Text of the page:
Thoughts on the NAACP Speech

Yesterday during a speech for the NAACP, President Obama noted that too many Americans continue to face “the pain of discrimination.” I too have felt this pain, but, as the president’s story so clearly attests, we can overcome it if we try and if we have some help along the way from people of good will.

No government law said we had to elect a black president. Changing attitudes did that, overwhelming any lingering discrimination. Obama, whatever one thinks of his policies (and I don’t think much of them), is a role model for others who face discrimination, and a challenge to overcome it without resorting to government. It’s time we were all judged on our character (as Dr. King said) and competence. Skin color should have nothing to do with it. A black president proves that the era of special privileges for one race or another needs to end, once and for all.

However, I wonder if all of the African Americans listening to the president’s speech appreciated his linking sexual orientation to race, saying both groups have faced the pain of discrimination. Surveys have shown that many blacks have traditional views about homosexuality as a sin, and in fact the black vote kept gay marriage from being legalized in California last fall.

Gay-rights activists are becoming increasingly strident in their demands for the right to marry, to install openly homosexual bishops in churches, to adopt children, and so on. In their calls for the right to be treated without discrimination in all these matters, they are splitting communities and churches and undermining the rights of Christians and hospitals to practice their faith and do their humanitarian work according to the dictates of conscience.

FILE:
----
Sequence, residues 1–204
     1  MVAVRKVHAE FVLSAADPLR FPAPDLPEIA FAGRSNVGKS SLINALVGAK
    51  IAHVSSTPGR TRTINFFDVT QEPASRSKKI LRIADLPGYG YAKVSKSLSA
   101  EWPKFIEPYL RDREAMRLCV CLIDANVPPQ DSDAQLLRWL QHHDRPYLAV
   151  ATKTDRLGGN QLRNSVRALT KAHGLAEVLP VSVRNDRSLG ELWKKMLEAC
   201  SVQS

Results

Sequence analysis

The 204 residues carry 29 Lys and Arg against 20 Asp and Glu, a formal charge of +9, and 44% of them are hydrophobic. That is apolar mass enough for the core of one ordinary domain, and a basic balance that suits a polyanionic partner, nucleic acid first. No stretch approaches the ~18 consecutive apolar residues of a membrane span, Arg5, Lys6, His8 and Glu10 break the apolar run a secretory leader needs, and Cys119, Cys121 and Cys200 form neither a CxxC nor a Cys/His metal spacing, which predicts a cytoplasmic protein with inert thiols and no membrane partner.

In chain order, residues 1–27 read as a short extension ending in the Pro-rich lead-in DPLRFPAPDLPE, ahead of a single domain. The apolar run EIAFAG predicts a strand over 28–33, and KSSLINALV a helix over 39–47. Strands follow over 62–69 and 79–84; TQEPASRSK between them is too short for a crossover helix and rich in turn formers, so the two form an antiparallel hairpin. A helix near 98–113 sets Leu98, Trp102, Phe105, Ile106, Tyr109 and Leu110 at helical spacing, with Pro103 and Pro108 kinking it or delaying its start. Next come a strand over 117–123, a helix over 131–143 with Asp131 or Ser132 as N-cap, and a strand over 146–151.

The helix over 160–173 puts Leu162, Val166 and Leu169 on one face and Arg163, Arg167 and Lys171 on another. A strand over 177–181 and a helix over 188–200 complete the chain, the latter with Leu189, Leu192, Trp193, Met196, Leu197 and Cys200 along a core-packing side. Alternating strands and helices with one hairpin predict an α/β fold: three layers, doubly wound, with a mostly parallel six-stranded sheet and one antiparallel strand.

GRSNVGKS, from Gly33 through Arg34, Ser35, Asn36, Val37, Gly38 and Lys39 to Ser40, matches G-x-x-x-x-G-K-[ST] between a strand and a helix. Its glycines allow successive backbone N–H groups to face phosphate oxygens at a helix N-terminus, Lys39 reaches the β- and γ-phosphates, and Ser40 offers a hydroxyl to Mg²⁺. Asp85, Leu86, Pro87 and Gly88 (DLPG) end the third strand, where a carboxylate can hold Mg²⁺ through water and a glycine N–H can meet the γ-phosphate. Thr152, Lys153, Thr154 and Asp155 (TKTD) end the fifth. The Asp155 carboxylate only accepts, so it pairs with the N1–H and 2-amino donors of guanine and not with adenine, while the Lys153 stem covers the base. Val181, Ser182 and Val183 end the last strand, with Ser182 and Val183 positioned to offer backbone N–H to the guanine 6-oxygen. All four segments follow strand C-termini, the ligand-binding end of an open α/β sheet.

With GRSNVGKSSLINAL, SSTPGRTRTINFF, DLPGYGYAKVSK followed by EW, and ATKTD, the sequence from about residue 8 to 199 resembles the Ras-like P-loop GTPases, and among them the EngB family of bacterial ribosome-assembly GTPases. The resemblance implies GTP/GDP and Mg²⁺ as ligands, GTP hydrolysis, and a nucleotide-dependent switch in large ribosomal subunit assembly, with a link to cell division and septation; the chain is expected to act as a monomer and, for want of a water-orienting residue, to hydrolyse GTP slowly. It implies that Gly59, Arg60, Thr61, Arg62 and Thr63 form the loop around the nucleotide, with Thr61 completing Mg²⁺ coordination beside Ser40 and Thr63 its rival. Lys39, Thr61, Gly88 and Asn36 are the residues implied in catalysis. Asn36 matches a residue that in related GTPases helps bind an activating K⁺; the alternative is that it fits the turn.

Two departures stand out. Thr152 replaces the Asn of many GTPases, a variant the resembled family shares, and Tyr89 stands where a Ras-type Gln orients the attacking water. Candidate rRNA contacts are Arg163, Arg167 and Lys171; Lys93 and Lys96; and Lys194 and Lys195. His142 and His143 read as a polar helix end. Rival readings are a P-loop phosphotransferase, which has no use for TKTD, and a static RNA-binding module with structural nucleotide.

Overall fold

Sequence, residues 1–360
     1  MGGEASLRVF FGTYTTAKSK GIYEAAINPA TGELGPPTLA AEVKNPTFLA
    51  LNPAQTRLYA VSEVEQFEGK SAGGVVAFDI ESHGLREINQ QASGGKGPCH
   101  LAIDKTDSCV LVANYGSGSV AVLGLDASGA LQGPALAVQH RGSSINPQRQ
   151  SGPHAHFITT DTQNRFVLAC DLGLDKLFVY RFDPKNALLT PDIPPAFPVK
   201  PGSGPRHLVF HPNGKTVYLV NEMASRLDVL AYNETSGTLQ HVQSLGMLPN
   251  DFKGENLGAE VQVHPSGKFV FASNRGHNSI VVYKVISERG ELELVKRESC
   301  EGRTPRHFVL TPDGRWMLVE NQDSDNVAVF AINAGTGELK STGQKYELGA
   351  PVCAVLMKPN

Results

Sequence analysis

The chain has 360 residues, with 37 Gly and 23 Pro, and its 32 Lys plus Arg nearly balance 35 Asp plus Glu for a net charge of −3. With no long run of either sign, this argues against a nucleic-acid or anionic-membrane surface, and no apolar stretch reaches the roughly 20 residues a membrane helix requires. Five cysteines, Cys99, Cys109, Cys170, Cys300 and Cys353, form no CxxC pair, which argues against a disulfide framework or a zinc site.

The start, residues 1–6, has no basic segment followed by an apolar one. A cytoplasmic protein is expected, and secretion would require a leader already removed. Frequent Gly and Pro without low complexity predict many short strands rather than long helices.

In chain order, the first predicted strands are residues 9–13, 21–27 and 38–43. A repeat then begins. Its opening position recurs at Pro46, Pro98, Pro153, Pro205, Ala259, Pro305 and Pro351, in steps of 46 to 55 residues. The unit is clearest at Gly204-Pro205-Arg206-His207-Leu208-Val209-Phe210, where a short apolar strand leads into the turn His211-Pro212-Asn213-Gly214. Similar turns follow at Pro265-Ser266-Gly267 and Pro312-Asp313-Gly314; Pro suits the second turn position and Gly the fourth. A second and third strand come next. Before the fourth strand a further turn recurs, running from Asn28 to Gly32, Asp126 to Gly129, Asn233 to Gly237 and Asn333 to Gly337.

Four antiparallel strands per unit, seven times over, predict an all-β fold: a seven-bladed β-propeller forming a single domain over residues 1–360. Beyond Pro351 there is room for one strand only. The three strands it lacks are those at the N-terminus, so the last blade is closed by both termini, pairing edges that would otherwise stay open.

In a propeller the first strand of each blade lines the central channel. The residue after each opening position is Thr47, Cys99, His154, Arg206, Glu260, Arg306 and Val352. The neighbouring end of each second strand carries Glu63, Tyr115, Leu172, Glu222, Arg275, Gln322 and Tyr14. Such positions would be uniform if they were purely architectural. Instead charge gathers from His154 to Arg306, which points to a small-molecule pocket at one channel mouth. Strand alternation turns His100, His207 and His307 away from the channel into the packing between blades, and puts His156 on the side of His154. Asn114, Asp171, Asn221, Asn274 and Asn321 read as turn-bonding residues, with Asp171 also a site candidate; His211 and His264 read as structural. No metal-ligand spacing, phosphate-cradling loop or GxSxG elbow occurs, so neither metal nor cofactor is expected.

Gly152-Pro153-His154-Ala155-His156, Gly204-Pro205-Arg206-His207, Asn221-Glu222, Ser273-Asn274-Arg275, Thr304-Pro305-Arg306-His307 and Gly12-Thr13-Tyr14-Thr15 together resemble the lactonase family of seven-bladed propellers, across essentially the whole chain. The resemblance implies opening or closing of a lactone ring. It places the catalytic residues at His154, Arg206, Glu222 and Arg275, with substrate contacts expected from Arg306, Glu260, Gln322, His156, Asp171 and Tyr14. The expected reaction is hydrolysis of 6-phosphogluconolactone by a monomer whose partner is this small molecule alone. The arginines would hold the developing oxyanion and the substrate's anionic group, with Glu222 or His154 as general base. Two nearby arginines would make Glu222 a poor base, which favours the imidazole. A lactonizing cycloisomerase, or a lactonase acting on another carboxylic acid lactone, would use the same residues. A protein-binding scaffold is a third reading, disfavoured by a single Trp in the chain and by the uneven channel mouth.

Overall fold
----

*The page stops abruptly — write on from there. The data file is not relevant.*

Marriage is what it is, the union under God of man and woman with a usual and primary purpose of procreation for the good of society. Homosexual “unions,” whatever they are called, will not affect my marriage one whit, because by definition they are not marriage. What is being attempted here is not an expanision of who is allowed to marry, like voting rights, but a redefinition of marriage, like saying you can vote without actually casting a ballot.

I am all for living and letting live, and if homosexuals want to change the marriage laws, it looks as if they have the legal momentum and votes to eventually do so. But they will no more be able to change marriage than they will be able to stop the sun from rising in the east and setting in the west.

So let’s stop talking about discrimination when it comes to gay marriage. Homosexuals have always been free to marry in this society, if they can find someone of the opposite sex to consent. But bringing together two men or two women, whatever the law says, is not marriage.

Nor is opposing it discrimination.

About Stan Guthrie

Stan Guthrie is an editor at large for Christianity Today magazine and for the Chuck Colson Center for Christian Worldview. His latest book is God's Story in 66 Verses. He also is author of All that Jesus Asks: How His Questions Can Teach and Transform Us, Missions in the Third Millennium: 21 Key Trends for the 21st Century, and A Concise Guide to Bible Prophecy. He is co-author of The Sacrament of Evangelism. Besides authoring, writing, and editing books, Stan is a literary agent, bringing together good authors, good books, and good publishers. Stan writes the monthly Priorities colum for BreakPoint.org. He has appeared on National Public Radio's €œTell Me More,€ WGN's Milt Rosenberg program, and many Christian shows, including The Eric Metaxas Show and Moody Radio'€™s €œNew Day Florida.€ A licensed minister and an inspirational speaker, he served as moderator for the Christian Book Expo panel discussion, Does the God of Christianity Exist, and What Difference Does It Make?
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